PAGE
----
But, as we’ve seen over the past couple of posts, lipstick can be a trouble maker. It casts a spell on some men which lures them into liaisons with women other than their wives. It leaves tell-tale traces on clothing and skin, and lingers provocatively on cigarettes smoldering in an ashtray, or imprinted on a cocktail glass — so much power in such a little tube. Is it possible that lipstick may drive men’s passions with a force so great that it may culminate in murder?
Take the 1946 case of William Heirens. It was alleged that between June 1945 and January 1946 the 17 year old had murdered two women, and murdered and dismembered a little girl. At the scene of the second murder, that of Frances Brown a former U.S. Navy WAV, there was message from the killer scrawled in the victim’s lipstick.
The Chicago press dubbed the fiend “The Lipstick Killer”, and residents of the city spent several nerve jangling months until William Heirens was arrested and they breathed a collective sigh of relief.
But did Heirens commit the murders, or was the teenager coerced into confessing by hard nosed Chicago cops desperate to make an arrest?
Sixty-four years later Bill Heirens is still alive, and still in prison. At 81 years of age he is considered to be the longest serving prisoner in Illinois state history, and it seems that he may die there. Death in an Illinois prison would be justice if he is guilty, but if he is innocent…
There have been many other crimes in which lipstick was used to scrawl a message on a nearby surface, or even on the body of the victim. It doesn’t matter what words are used, or if the message consists only of cryptic symbols – there is something about the act of using lipstick that makes a compelling and strangely intimate statement.
My favorite lipstick as a portent of evil moment comes in a scene from the 1946 film noir “The Postman Always Rings Twice” . Frank (John Garfield) has just arrived at a small cafe. He’s a drifter and is considering responding to the “Man Wanted” sign outside when he’s greeted by the cafe’s owner, Nick (Cecil Kellaway), and urged to come in for a burger. Nick tosses a burger on the grill behind the counter, but is called away for a minute to pump gas at the station outside.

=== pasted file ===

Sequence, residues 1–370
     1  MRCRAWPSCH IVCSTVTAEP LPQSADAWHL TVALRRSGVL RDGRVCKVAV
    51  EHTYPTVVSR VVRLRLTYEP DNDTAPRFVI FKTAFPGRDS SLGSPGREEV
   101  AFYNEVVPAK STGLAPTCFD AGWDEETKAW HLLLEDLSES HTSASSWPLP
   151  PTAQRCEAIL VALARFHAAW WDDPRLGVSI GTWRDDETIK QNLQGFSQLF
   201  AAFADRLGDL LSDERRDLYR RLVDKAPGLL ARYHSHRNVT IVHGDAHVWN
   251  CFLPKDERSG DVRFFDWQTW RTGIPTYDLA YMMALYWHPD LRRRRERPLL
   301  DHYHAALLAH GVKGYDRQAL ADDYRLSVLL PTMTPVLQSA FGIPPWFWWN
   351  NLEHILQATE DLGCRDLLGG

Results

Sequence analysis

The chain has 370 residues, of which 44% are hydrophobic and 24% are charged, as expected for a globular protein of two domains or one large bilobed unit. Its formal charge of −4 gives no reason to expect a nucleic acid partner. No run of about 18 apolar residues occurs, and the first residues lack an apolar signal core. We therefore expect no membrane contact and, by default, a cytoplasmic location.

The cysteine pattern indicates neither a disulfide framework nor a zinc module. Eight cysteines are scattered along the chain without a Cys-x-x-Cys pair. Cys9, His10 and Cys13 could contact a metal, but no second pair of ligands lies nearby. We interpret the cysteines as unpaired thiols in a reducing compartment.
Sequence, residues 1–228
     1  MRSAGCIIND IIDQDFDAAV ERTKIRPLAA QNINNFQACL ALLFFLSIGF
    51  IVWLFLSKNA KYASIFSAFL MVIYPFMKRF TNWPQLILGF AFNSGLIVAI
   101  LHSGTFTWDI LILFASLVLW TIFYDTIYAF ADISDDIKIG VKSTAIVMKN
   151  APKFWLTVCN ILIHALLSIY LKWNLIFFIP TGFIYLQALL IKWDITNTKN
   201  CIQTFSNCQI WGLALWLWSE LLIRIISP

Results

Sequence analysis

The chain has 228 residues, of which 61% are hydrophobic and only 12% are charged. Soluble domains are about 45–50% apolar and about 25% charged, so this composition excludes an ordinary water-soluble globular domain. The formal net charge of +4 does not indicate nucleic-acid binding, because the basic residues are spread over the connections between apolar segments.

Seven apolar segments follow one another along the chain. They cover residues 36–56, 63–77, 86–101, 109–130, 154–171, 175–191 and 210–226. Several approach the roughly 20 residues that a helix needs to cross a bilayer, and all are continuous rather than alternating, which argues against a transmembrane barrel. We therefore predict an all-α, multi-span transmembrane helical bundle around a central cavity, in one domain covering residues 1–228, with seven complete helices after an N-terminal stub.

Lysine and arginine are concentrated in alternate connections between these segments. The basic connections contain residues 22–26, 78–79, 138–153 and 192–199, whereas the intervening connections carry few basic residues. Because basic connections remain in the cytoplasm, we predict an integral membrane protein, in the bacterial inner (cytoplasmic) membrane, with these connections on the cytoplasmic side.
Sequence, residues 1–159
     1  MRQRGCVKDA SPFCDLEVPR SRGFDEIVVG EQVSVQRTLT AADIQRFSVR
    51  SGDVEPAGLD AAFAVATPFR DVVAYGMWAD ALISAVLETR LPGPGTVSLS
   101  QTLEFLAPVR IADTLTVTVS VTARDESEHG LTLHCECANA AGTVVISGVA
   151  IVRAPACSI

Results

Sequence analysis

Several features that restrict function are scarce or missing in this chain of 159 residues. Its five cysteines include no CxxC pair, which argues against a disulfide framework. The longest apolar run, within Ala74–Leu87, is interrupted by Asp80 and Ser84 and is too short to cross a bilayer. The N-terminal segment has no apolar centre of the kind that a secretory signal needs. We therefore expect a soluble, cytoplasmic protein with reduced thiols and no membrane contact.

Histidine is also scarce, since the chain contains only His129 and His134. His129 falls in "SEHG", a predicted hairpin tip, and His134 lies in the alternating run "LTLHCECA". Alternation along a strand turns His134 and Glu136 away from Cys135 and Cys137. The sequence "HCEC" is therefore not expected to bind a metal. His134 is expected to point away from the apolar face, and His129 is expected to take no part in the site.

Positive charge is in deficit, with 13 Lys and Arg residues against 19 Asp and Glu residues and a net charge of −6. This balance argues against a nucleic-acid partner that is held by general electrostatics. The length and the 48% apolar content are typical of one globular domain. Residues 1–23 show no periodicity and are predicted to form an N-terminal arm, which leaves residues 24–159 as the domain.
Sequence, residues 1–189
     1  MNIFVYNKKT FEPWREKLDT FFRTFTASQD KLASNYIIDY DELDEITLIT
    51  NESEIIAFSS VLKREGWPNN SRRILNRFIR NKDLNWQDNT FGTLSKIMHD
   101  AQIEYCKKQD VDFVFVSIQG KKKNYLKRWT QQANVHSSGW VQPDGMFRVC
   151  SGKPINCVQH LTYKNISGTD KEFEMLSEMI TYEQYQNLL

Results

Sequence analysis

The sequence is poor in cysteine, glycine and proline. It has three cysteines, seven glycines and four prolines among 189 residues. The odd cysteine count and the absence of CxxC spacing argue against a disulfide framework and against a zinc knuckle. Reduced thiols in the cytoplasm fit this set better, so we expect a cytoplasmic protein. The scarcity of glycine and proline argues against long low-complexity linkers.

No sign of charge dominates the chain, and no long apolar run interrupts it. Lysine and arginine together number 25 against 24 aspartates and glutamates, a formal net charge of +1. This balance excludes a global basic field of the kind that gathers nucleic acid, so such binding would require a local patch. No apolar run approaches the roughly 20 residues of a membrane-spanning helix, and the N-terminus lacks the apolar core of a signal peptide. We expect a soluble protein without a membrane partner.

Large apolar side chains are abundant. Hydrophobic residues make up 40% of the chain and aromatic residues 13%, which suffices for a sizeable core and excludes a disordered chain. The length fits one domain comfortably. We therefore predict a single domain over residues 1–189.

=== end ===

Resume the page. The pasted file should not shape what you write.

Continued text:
As Frank waits at the counter he hears something drop to the floor, and observes a tube of lipstick rolling toward him. As he stoops to pick it up he notices white open-toed pumps at the ends of two extremely shapely legs. The dame wearing the pumps is also wearing white shorts, a white cropped top, and is a blonde. The blonde is holding a compact and powdering her nose. Frank has just met Nick’s young wife Cora (Lana Turner). The tension between the two is palpable. Their eyes meet and they immediately engage in a power play. It’s obvious from Cora’s demeanor that she is a woman who is accustomed to getting the attention of men, and having them do her bidding. She waits for Frank to bring her lipstick to her, but he doesn’t budge. Which of them will acquiesce to the other?
As you’ve seen, Cora finally gives in. But that’s just in the short run – in the long run the breathtaking blonde convinces the drifter to commit murder. It is a perfect noir moment, made all the better in my book because a tube of lipstick is the catalyst.
A lipstick tube introduced Frank and Cora, and it comes full circle with Cora’s death – just as Cora is promising Frank that they’ll share many kisses that “come from life”.
Ladies, when you apply your lipstick the next time you may wish to pause and to reflect upon the power implicit in such a simple act.
I wish that this hair net package was in better shape, but they can’t all be perfect. I know that condition is crucial when you’re collecting, yet sometimes it doesn’t matter very much to me. I feel especially protective of the packages and boxes that are worn, and often the ones in rough and fragile condition are the only examples of certain designs that I’ve been able to locate. Regardless of their condition, I treat each addition to my collection as a treasured artifact from the past which deserves to be carefully and lovingly preserved.
The Hollywood Hair Net package is from the 1940s, and the bright red color, along with the four stars, brings to my mind Hollywood’s part in the war effort. The woman depicted on package looks like a starlet awaiting her big break, biding her time as a hostess in the Hollywood Canteen.
The stars would never shine as brightly as they did when they were doing their bit for servicemen, and women, from all over the globe. The Hollywood Canteen was the war time passion of Bette Davis, John Garfield, and Jules Stein. Miss Davis served as president, and Mr. Stein, President of Music Corporation of America, headed up the finance committee.
By the time the Canteen opened its doors On October 3, 1942, over 3000 stars, players, directors, producers, grips, dancers, musicians, singers, writers, technicians, wardrobe attendants, hair stylists, agents, stand-ins, publicists, secretaries, and allied craftsmen of radio and screen had registered as volunteers.